Aw crap, I really shouldn’t have left the allotment to its own devices for THE WHOLE OF APRIL. Dear God, it’s worse than it was when I got it now.

Lots of digging and dandelion tea for me!

April 25, 2009 at 8:15 pm Leave a comment

Long weekend

The long Easter weekend got off to an unpromising start – when I finished work on Thursday evening, there was nothing in the house to mix with gin except flat Lilt from our cocktail party a month ago.

It got better. On Friday, I woke up with a huge surge of enthusiasm for doing all the things I normally don’t have the time or energy to do and spent the day finishing the i-cord on my cardigan and sewing the jacket I’ve been working on for a year.

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Then on Saturday I woke up and felt absolutely exhausted, thanks to a busy previous couple of weeks, and spent most of the day lounging around not doing very much. Well, I made some bread and went shopping, but that was about it.

On Sunday, we went to see Scientist Fiancé’s family and ate too much roast dinner and played silly games. And Monday was gorgeous and I spent most of the day in the garden. I had breakfast outside and then did some ms6001735uch overdue weeding, as a result of which you can now see the gravel. I also rescued the peas, which have been in need of potting on some days now, and planted squash and more peas and lots of basil. And probably some other things. Also, my coriander is still looking reasonably healthy, which is good news as I have a terrible track record with coriander.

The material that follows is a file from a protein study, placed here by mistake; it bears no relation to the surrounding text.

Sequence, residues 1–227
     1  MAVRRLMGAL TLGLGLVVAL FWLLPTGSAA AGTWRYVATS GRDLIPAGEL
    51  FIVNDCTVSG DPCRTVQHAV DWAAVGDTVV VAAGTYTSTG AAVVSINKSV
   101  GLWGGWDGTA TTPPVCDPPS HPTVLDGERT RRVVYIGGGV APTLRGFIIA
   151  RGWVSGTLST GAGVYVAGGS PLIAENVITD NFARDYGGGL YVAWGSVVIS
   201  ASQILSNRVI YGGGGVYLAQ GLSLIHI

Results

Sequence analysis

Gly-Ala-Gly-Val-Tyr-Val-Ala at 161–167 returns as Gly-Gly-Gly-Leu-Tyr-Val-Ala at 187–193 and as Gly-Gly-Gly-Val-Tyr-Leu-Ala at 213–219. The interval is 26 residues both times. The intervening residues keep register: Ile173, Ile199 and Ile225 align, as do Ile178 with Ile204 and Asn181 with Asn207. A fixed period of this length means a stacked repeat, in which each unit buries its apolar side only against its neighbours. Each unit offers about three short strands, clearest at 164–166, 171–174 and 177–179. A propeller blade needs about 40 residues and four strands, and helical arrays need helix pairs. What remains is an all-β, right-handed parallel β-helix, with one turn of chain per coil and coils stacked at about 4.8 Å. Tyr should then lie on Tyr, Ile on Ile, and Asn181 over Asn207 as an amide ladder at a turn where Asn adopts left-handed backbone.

And here are some pretty Easter flowers:

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I hope you all had lovely weekends.

April 15, 2009 at 10:09 am 2 comments

Apology

Ack, sorry folks. I had a lovely post all planned. I even started writing it. It was a lovely story about my relaxing yet productive long Easter weekend, full of photos of my finished cardigan, a jacket I’ve half-made, my gardening efforts and the pretty Easter flowers that adorn my dining room table.

And then, at 9.30 this morning, work rang and I was called in to go to an event IMMEDIATELY and I then spent 4 1/2 hours in an HR meeting watching some vile sleazebag of a senior manager* try and weasel his way out of being held accountable for repeatedly groping his junior female colleagues while he was drunk and I am now filled with feminist/socialist/human ire and no amount of pink tulips or alpaca cardigans shall calm me. Indeed, half a bottle of rosé has not had the desired effect. I am simply furiouser. So I shall leave you with this eloquent comment on the state of the world:

RRRRRRRRRAAAAAAAAAAARRRRRRRRRRRRRGGGGGGGGGGGGGGGHHHHHHHHHHHH!!!!!!!!!!!!!!!!!!

Tomorrow there will be pictures of happy things. I promise.

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* Not at my firm, I was minute-taking for one of our clients!!

April 14, 2009 at 7:32 pm 1 comment

This week I would like to rant about… fish!

The i-cord is probably going to take longer than I initially thought, because it is boring as hell and there’s 48 inches of it in total. Yawn. RSI. Yawn.